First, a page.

|image by austrianpsycho (Image rights)|
The DSC-WX1 from 2009 is seemingly just another of the sleekly-designed compact digital point & shoots which Sony is known for. However its significance comes from being among the first digital cameras to use a new sensor technology, "back illumination."
Rather than having the sensor circuitry deposited overtop the light-sensitive silicon pixels, back-illumination flips the chip over and thins away the silicon substrate, making this the side facing the lens. Theoretically, this improves the light-gathering ability of the sensor and its performance in poor light. Sony called its version of the technology "Exmor R" (rather than their conventional "Exmor" branding). The sensor in the WX1 is a 10-megapixel chip approximately 4.6×6 mm in size. Despite the back-illumination technology, this is still a tiny sensor, unable to compete with a conventional DSLR in high-ISO performance.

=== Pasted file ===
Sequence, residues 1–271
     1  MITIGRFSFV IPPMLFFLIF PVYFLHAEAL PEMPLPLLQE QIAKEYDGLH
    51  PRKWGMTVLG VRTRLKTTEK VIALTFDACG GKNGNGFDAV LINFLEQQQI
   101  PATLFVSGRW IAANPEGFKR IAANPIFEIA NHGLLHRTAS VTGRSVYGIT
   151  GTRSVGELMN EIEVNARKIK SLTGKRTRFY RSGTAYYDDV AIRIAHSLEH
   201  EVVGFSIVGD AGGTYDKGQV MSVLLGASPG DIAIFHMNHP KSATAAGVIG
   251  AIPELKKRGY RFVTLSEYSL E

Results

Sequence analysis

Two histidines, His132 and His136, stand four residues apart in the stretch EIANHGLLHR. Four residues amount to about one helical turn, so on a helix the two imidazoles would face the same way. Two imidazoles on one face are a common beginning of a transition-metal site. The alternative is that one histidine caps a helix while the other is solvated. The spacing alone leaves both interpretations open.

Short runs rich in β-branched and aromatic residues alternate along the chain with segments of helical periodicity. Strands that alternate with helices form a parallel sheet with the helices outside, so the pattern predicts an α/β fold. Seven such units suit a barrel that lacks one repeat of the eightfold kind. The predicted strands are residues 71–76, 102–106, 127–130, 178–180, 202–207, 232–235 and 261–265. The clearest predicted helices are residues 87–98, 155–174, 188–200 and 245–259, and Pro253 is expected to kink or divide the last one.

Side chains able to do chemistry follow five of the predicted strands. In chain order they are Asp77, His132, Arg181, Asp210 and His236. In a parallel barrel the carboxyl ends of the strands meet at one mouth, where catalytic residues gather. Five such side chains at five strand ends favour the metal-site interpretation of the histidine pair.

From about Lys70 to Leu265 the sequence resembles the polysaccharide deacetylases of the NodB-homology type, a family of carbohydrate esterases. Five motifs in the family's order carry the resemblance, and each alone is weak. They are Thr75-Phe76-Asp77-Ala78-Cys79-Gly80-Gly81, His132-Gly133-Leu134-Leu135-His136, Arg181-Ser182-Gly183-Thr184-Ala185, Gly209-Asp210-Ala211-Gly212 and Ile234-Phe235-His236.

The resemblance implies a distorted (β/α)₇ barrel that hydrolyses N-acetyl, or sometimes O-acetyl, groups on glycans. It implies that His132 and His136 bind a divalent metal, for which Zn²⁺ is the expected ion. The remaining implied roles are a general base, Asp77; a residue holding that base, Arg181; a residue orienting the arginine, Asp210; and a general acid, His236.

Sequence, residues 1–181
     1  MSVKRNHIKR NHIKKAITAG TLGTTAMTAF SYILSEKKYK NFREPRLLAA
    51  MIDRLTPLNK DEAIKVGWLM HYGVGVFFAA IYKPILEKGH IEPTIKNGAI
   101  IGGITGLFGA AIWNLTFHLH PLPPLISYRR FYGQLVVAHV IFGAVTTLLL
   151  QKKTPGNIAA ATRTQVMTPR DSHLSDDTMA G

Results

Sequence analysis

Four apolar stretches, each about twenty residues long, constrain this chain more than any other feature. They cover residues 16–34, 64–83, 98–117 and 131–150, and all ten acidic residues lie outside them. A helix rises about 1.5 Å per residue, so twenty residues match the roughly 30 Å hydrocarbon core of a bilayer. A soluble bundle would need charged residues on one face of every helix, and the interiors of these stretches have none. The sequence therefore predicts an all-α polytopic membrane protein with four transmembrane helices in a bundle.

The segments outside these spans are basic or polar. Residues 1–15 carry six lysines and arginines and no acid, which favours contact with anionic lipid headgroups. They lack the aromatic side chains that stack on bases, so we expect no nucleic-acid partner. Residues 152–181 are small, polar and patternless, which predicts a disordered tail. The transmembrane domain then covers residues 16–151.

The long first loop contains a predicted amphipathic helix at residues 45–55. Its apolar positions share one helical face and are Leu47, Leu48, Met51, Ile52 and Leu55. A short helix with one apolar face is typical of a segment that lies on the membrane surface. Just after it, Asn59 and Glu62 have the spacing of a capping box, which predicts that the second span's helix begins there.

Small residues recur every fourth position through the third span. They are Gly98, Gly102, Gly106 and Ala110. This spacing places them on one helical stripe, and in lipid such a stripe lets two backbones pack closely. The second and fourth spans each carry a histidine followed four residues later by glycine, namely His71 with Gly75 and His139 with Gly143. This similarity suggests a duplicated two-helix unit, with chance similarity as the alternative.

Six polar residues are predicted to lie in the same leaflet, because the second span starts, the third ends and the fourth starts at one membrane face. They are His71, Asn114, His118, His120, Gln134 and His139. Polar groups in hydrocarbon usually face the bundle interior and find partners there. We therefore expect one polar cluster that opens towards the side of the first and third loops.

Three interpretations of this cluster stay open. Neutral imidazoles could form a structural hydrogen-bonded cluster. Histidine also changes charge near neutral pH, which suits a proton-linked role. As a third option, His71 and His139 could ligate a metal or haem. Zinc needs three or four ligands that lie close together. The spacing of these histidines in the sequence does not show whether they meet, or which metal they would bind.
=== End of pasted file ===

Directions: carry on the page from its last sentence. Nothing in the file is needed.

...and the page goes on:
The WX1 includes a 5x zoom lens, starting from an usually wide 24mm and extending to a respectable 120mm telephoto (in 35mm equivalent terms).